Archive of ‘iPads’ category

Sharing Our Heritage

Each fall our second graders create a Heritage project to share with grandparents and other relatives. They bring in photos of family members, sometimes from several generations back! Over the years I’ve tried a variety of online applications to make the final product but it’s always been more of a teacher-created project. Parents would email photos or send them on a CD. I would upload them to the student’s home directory. There was a lot of behind-the-scenes work that needed to be done before the child could even begin to record their heritage story!

This year we decided to use the Book Creator app, an easy-to-use ePub book maker that allows the user to import pictures and record narration. Besides saving as an eBook, the finished product can also be exported as a video.

We asked the parents to send actual photos. The students really giggled when I said they were going to take photos of their photos! After a photography lesson, the children scattered around the room in search of the perfect place to take their picture. They watched for glare from the lights, checked for blurriness, learned how to crop.

IMG_3872IMG_3862Next step was to insert the pictures into the Book Creator app.

IMG_3851The following week we worked on the cover of the book. What child can resist taking a selfie?

IMG_3887The students also added page colors and chose a font style and color.

IMG_3883The children are in the process of recording their heritage narrations. Then I’ll be uploading the finished ePub books and videos to the web so that their fantastic, student-created work can be shared with family and friends!

Movin’ On to Middle School

As our fourth graders inched toward the end of their Lower School years. I asked them to reflect on two items:

  1. Think back over the many activities you’ve participated in over your years in Lower School. Whether you’ve been here since kindergarten or joined the TVS family later, what has meant the most to you?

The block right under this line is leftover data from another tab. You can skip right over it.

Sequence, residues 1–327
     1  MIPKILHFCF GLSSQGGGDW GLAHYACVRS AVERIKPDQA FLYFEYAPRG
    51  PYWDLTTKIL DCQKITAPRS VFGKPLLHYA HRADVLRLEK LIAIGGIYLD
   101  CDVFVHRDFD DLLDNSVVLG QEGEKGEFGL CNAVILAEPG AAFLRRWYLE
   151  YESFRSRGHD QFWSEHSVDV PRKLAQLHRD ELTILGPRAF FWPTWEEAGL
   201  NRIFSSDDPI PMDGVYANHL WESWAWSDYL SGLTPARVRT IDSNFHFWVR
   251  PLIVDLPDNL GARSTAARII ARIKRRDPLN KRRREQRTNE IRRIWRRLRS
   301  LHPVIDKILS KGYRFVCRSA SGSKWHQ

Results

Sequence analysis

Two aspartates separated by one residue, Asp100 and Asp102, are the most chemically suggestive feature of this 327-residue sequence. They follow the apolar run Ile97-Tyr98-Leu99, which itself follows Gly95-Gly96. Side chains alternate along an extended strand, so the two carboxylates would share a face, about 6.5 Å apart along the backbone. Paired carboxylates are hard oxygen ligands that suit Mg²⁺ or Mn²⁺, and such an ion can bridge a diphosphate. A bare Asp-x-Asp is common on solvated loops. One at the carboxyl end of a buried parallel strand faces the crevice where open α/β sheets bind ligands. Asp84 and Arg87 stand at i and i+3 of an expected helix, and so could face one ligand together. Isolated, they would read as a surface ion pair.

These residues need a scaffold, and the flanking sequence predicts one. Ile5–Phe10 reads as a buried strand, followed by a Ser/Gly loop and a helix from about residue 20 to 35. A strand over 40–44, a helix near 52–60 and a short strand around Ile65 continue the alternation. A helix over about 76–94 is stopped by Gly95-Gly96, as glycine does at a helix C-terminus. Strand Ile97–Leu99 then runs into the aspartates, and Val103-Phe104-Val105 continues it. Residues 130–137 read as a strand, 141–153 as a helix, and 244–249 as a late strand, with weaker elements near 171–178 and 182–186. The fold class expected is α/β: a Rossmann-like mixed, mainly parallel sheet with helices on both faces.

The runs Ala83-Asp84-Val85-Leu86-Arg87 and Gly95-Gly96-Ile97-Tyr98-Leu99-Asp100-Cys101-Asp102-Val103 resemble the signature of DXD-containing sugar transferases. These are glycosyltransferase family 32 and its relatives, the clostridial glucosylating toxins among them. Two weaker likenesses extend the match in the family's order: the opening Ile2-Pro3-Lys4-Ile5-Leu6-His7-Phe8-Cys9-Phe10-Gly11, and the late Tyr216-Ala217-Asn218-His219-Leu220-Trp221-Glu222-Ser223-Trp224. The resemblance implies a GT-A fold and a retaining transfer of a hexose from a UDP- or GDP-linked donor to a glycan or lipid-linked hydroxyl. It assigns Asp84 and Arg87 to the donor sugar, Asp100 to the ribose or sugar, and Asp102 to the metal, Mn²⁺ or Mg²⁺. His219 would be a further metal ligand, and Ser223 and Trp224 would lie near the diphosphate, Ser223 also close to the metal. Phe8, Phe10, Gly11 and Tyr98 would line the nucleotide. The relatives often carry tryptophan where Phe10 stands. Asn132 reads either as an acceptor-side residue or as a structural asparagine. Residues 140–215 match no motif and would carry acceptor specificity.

2. Take a look into the future. At this point in time, what do you think you’ll want to do when you graduate from college?

The end product would be an ePub book created in the Book Creator app. In addition, this would be saved as a video. I really like that Book Creator offers this option – extremely helpful to have another format available for families who don’t have iOS devices.

The students would be illustrating both items using Microsoft’s Paint program. There was much discussion as memories of past years flooded back – the Teddy Bear Picnic in Kindergarten, the plays performed in every grade, field trips, worm farms, learning coding, and so much more! And then, the hard decision of what to draw. After all, the Paint canvas is only so big! For some, there really was one event or activity that stood out as a favorite. For others, there were quite a few choices so they drew something for each grade.

Moving on to the “future” picture, we discussed how most people change their minds several times before deciding on a major in college. But, there are those who know exactly what they want to do in life at an early age. Which would they be? I challenged the students to look back at this project when they graduate from high school and see if what they are planning on studying in college is similar to what they illustrated while in fourth grade!

The next step was to write a script. I have to say that this wasn’t a favorite part of the project and there were some that rushed through this step. However, having a script to follow when recording certainly avoids stumbling over what to say!

Each child set up two books in the Book Creator app. They downloaded their illustrations (I’d uploaded them to my Picasa Web Albums site) and added them to their page. Of course, personalizing the page was extremely important – from page color to font style. When recording was completed, the individual books were emailed to me so that I could pull them together into class books.

Cover of Favorite Activity book

Cover of a Favorite Activity book

Cover of Future book

Cover of a Future book

Here are the links to the ePub books:
(Be sure that you tap on the links while on an iOS device that has the iBooks app installed. Choose Download > Open in iBooks)

The next step was to export the books as videos (done straight from Book Creator). This can be a final step before uploading to Vimeo of YouTube because you really don’t have to do anything else to the video. However, I like to do some editing (especially adjusting sound levels) using the iMovie app. I also added a different introduction to the movies.